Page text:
by April 1, 1999 0 comments

There’s so much to browse and so little bandwidth. So
what do you do for faster browsing? You go offline. You’ll still need your modem and
Internet connection but with this little trick you’ll be zooming your way through the
Internet and will even save on telephone and connection costs.

There are two ways you can browse offline. One is through
your browser, and the other is to use a software utility. Both Internet Explorer and
Netscape have offline browsing options.

All browsers save the files you browse in a temporary
folder. IE 4 saves the pages you’ve visited in a temporary Internet Files folder in
the Windows directory. These files are kept there so you don’t have to download them
every time. You can access them even when you’re offline. In IE 4, you can enable
this by selecting the "Work Offline" from the File menu. Now you can type in a
URL that you’ve already visited, and its contents will be picked up and displayed
from this folder. You can also pick up a URL from the drop-down menu where you type it. If
you haven’t already visited a link or it’s not stored in visited links,
you’ll get a prompt to connect to the Net.

You can also adjust the space available for the temporary
Internet files folder. This preserves a percentage of your hard disk space for storing the
files. So if you have a lot of free disk space and you browse frequently, you can increase
the percentage. Otherwise, leave it to the default value or reduce it if you really need
space. To vary the space, click on View>Internet Options. Locate "Temporary
Internet Files" and click on "Settings". You can adjust the space available
from the slide rule here.

Offline browsing in Netscape is pretty much the same as in
IE. To work offline, click on File>Offline and select "Work Offline" from the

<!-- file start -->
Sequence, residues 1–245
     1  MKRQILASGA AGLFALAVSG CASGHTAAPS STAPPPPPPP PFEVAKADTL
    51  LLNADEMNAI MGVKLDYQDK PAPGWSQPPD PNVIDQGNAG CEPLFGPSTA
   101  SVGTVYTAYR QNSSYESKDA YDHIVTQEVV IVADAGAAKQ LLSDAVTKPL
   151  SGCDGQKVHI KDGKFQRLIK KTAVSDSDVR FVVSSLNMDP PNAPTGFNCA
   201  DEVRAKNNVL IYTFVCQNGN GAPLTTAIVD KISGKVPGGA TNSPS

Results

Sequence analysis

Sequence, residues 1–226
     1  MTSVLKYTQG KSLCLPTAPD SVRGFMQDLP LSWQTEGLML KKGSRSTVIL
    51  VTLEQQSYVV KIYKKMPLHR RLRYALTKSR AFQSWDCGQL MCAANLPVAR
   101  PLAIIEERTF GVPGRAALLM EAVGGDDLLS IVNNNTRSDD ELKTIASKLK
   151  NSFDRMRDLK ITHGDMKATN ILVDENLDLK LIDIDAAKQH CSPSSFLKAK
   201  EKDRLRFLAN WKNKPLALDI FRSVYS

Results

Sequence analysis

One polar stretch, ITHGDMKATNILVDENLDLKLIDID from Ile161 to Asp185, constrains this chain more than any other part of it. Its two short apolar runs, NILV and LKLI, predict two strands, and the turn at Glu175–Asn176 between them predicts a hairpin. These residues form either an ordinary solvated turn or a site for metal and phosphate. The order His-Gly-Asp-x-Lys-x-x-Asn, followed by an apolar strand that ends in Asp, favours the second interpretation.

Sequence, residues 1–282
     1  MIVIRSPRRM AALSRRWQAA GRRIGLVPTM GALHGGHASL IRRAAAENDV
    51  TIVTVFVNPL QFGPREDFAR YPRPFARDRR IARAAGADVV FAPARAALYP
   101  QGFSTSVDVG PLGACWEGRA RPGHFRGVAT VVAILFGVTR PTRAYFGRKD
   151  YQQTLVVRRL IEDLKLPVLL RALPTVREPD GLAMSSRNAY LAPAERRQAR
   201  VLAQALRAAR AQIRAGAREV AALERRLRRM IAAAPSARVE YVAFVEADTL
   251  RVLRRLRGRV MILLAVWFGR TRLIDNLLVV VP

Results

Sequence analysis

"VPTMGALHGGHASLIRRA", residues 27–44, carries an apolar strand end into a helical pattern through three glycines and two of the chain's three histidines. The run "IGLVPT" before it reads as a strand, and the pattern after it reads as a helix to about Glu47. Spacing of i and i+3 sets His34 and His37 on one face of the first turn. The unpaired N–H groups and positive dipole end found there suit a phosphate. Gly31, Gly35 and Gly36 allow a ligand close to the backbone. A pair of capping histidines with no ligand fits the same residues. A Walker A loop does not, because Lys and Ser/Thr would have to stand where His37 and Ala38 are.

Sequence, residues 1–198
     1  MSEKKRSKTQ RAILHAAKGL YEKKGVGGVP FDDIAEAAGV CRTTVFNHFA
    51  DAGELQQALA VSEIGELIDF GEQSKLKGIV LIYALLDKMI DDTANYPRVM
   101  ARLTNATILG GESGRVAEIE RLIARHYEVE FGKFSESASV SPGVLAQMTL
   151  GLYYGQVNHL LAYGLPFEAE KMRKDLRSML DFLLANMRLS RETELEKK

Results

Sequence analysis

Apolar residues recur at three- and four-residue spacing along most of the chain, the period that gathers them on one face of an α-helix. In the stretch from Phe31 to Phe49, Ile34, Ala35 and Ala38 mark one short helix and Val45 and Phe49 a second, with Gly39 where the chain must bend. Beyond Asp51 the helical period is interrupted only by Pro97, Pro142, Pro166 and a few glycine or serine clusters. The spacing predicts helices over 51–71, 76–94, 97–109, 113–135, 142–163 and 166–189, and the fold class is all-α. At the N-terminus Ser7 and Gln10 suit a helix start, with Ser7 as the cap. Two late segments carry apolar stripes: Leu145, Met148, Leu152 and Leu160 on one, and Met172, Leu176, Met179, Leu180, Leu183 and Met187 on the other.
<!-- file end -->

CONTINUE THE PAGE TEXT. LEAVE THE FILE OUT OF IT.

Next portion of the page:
pop up menu. Alternatively, you can click the connection icon on the bottom left of the
browser window. Here too you can increase the memory cache and the disk cache to store
more Internet content. For this, go to Edit>Preferences and click "Advan-ced"
in category tree. Select cache from the options and make the necessary changes.

Though offline browsing in Web browsers is great, it has
its limitations. As you connect to the Internet, older files keep getting replaced with
newer ones. Therefore, the content is not really stable. Suppose you want to preserve the
content of a particular Website. There is some great reference material that you have
pounced upon, but that is taking ages to appear on the Web, only to be lost later. How do
you store it for viewing later? This is where utilities like Teleport Pro, Web Leech or
Web Snake come into picture. These utilities let you download complete Websites onto your
local hard disk in the same directory structure as they’re lying on their servers.
You can even update the content of these sites straight to your hard disk.

These utilities come in handy if you want to go to those
multimedia-heavy sites that take ages to show on your browser. These utilities download
sites much faster than the time it takes to open them directly on your Web browser. They
usually use multiple threads to download more content simultaneously. You can find a list
of popular offline browsers and download them from http://ipw.internet.com/offline/ind-ex.html.
  A note of caution: Whacking Websites is addictive. And if you’re not careful,
it won’t be long before your huge hard disk runs out of space.

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